“The Human Centipede (The First Sequence)”, written and directed by Tom Six, is being promoted as the most controversial film of the year. It is also being mentioned as the pinnacle of the recent slate of torture movies (often labeled as “torture porn”, a tag that I absolutely despise, despite my similarly intense dislike of the movies that fit into it), because of the extremes in which the main characters suffer. However, all this unwarranted attention seems to ignore the fact that it’s an absolutely terrible mess; take everything wrong with mainstream horror movies today, throw it all together, add in a mad doctor, toss in a completely unnecessary random subtitle in parenthesis, and you have what I would consider one of the worst movies I’ve ever seen. And boy have I seen some doozies.
But don’t get me wrong; my disgust with the film has absolutely nothing to do with the graphic nature of the film itself. In fact, aside from one ridiculous scene that clearly shows it’s not “100% medically accurate”, as its slogan states it is, there is absolutely nothing that well-versed horror fans have not seen before. I went in expecting to be confronted with pure evil, to have my high tolerance for violence tested. I wanted to be forced to turn away in agony. I wanted to be disturbed…anything that would show this movie had accomplished what it set out to do. But it’s a no-trick pony; an empty, vapid horror film hiding behind one singularly “original” premise, a premise that admittedly worked (at least for me) in a form of a ninety-second trailer, but that becomes laughable when stretched out to ninety minutes.
I will not waste much time with the plot, mainly because it’s not worth the investment. Lindsay and Jenny are two American tourists on a road trip through Europe. While attempting to go to a nightclub in Germany, their car breaks down. Of course, it’s nighttime, it’s raining, it’s in the middle of nowhere, and there’s no cell phone reception. Instead of staying put and waiting for daylight (or for a passing motorist to help), or instead of walking along the road and perhaps stumbling across a gas station or a busy road, they do something only stupid characters in stupid horror movies do–walk through the woods.
Unsurprisingly, they find a house. Even less surprising is the fact that it’s relatively secluded, and they decide to ask for help. The home belongs to Dr. Heiter, a retired surgeon that specialized in separating Siamese twins. However, the dumb American visitors are unable to pick up on rather obvious signs that the doctor has no intentions of helping them, such as the case when he looks them up and down and asks if they are alone before letting them in. Or when he impatiently asks if they are tourists. But of course they end up in his house and, as sickening as it may be for me to say, deserve everything they get for being so outrageously stupid.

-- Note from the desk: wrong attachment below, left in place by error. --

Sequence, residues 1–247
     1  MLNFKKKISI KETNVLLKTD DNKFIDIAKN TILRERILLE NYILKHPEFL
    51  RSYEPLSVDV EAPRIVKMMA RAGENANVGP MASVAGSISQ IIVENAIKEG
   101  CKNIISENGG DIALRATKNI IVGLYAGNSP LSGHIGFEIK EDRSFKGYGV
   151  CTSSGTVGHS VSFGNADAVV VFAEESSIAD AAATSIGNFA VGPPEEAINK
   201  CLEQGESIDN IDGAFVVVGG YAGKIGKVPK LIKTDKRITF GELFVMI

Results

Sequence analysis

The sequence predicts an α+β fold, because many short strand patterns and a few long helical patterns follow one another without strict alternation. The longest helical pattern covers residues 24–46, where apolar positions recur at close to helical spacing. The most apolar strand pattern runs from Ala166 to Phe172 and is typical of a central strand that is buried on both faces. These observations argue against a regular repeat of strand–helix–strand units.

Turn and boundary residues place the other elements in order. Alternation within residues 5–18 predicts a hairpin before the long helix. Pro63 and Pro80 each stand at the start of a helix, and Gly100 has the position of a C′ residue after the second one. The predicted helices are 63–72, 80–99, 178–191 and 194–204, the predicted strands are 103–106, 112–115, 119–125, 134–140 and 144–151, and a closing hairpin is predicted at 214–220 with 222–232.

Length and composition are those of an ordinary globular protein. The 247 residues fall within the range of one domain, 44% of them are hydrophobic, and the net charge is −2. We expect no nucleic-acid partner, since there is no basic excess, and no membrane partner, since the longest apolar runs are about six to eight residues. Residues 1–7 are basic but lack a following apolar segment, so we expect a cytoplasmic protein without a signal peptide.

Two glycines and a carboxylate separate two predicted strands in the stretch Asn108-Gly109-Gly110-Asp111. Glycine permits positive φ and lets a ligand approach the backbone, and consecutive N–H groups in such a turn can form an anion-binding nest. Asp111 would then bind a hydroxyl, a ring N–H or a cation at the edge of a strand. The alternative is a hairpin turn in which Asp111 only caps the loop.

You see, since his retirement, the mad doctor (who is so overplayed by Dieter Laser to the point that I was, at several different points, reminded of Tommy Wiseau’s character in “The Room”) has dedicated his time to the exact opposite end of the spectrum: attaching things together. But not at the hips, the way most Siamese twins are attached, but from face-to-rear, on all fours, thus forming the “human centipede” the title alludes to. He gets his start by doing it to three dogs (which he calls, cleverly, his “three-dog”) and then decides to attempt it with humans. Jenny and Lindsay are the first two victims, and an Asian man is the third (and the leader, chosen for that role simply because he cannot communicate with the other two).
And so the second half begins, in which he attempts to get the “centipede” to be a loyal pet…or something like that. Come to think of it, I don’t know exactly what the point is. The scenes in which the doctor tries to force his new creation into a game of fetch, or locks “it” up in a cage when it’s not in “use”, could be forgiven, and perhaps even effective, if there was some kind of political or social commentary behind the scenes. But the director clearly doesn’t want to be bothered with any remotely intelligent or advanced concepts, nor does he want the film to have any kind of redeeming values. His only desire is to shock us, to gross us out, to make us feel uncomfortable. So then how can I recommend, much less tolerate, a film that can’t even succeed on its own slim merits?
Every frame begs the question: “Why?” What is the point? Why would a doctor risk ruining his credibility to perform these heinous experiments? What turned him to evil? What does he have to gain by successfully completing the operation? Why did I pay seventeen dollars (I took the wife along as well) to watch this? Of course, none of these questions are answered, much less hinted at, and all that we’re left with is a maddeningly clichéd exercise in recycled horror with a few childish attempts to gross-out the audience in between.
Rating: No stars